However, this is not the first time that politics has become so ‘beastly’. I’d like to draw your attention to a remarkable manuscript from the early fourteenth century, the Roman de Fauvel (1316). The volume satirises the French king Philip IV ‘the Fair’, and it serves as an admonishment to king Philip V who inherited the Crown in 1317. In the first book of Fauvel, Lady Fortune decides to take the horse Fauvel (whose name is an acronym referring to the Vices Flattery, Avarice, Vileness, Variability, Envy, and Laxity) from his stable, and she places him in charge of the royal palace, similar to how the Roman emperor Caligula supposedly made his horse a minister. Unlike Caligula’s horse, Fauvel uses this power to upend the balance of the nation, heralding even the very Apocalypse. Yet the people who have the power to stop him (such as royalty, nobility, the clergy, etc.) want nothing more than to… pet him? For, as the story goes, “there was not a person who was not preparing to gently curry Fauvel" (N'i a nul qui ne s'appareille / De torchier Fauvel doucement).
Would you like Sven Gins to reveal more about his ongoing research into the curious manuscript that is the Roman de Fauvel? Please register here to secure your seat.
One source in particular offers a very 'revealing' view on Turks in sixteenth-century Lyon. In Les quatre premiers livres des navigations et pérégrinations orientales, published in 1568, Nicolas de Nicolay, French soldier and geographer, dedicates two chapters to the bathing practices of the Turks [read: Ottomans].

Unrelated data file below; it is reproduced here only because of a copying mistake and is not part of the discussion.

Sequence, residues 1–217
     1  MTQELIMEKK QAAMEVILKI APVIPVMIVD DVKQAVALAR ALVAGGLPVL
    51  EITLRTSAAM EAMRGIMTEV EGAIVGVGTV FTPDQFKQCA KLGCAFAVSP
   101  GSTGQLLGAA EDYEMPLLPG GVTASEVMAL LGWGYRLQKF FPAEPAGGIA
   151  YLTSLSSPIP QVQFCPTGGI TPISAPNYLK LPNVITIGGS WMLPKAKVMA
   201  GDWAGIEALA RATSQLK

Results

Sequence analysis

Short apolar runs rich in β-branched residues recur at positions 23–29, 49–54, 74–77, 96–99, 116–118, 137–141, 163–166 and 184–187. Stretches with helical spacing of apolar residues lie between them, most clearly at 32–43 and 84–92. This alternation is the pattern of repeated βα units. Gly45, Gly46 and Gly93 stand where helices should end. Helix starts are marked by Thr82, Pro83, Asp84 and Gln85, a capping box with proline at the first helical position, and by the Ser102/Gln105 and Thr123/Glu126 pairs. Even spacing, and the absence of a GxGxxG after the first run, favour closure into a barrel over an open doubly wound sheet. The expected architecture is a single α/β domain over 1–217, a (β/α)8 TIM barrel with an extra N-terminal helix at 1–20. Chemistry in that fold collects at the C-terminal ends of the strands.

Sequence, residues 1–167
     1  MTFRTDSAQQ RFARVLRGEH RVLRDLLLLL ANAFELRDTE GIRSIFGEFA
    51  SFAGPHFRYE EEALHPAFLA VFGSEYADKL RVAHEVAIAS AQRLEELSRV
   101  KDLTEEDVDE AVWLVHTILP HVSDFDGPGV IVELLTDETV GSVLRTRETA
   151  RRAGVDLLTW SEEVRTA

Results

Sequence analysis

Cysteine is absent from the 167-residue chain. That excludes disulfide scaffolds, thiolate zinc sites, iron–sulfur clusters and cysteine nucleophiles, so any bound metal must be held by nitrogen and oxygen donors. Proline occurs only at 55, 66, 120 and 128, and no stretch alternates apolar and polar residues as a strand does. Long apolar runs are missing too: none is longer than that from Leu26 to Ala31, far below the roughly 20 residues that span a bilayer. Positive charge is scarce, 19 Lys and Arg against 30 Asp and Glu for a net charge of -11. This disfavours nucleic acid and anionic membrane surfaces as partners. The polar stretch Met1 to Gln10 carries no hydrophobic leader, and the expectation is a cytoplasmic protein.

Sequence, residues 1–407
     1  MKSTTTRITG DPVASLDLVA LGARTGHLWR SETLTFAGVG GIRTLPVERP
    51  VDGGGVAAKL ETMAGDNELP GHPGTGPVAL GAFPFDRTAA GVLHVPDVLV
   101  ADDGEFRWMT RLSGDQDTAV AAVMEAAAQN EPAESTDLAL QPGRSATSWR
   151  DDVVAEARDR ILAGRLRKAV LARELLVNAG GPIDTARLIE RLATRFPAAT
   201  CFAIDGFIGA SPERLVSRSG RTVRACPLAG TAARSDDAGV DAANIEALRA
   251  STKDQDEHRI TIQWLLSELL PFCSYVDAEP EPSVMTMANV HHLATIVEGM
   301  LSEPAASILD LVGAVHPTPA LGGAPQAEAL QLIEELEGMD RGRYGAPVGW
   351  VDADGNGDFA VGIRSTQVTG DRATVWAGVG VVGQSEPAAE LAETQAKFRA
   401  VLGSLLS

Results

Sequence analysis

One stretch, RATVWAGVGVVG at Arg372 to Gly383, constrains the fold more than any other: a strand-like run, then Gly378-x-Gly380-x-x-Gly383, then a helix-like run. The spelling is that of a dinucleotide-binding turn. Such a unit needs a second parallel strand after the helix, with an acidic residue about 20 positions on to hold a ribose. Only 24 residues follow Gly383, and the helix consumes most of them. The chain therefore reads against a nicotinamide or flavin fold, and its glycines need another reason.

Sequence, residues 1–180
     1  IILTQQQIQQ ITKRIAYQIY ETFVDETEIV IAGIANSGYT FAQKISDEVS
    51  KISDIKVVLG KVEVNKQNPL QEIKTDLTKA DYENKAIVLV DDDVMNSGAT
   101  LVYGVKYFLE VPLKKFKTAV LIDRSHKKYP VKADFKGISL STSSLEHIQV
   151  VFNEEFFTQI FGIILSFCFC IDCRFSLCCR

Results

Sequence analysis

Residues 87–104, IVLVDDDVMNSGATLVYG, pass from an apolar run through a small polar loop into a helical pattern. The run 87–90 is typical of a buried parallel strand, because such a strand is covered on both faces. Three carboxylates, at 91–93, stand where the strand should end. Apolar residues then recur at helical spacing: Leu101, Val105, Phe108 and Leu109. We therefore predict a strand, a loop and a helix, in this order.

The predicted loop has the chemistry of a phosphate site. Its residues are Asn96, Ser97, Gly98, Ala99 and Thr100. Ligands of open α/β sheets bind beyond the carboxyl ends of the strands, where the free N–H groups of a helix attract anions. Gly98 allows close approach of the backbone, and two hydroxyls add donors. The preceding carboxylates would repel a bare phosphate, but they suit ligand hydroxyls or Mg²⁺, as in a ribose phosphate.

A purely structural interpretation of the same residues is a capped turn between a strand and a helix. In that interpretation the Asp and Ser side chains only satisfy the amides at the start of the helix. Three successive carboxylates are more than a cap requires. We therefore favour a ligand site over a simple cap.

In the twenty-first chapter of the second book, the practices of Turkish males are outlined. While the bathhouse’s servant took it upon himself to shave both the beard and the hair under the armpits of the guests, “[...] for the secret parts they hand you [the guest] a razor, or a depilatory (which they call Rusma) which is a cream that, if applied to the hairy parts, instantaneously makes all the hair fall out.” According to Nicolay, Turkish men and women often made use of this cream, because they were disgusted by hair in “such places”.
Furthermore Nicolay explains that the law of Islam commands all Muslims to wash themselves properly and purify themselves before entering a mosque. He expresses indignation at the fact that “these brutal Barbarians who wash their body on the outside” are allowed to enter, while those who wash the inside of their soul – probably a reference to Christians – must stay outside.
In short, while describing Turkish bathing practices, Nicolas de Nicolay succeeded in emasculating and feminising Turkish men, while simultaneously portraying their female counterparts as promiscuous and unreliable beings. At the conference 29 June, a set of other sources, also printed in Lyon some twenty to thirty years earlier than Nicolay’s text, will be discussed. By reconstructing past perceptions of the Turks (Ottomans), and by drawing comparisons between these various views, my research will uncover the discourse(s) surrounding these 'strangers' in sixteenth century Lyon.
Would you like Giel Maan to reveal more about the various French perceptions of Turks that he is currently researching? Please register here to secure your seat.
This blog is run by the students who organise the CMEMS Conference. Every Monday, Wednesday and Friday, one of the students will post a small sneak preview indicating the content of their conference presentation.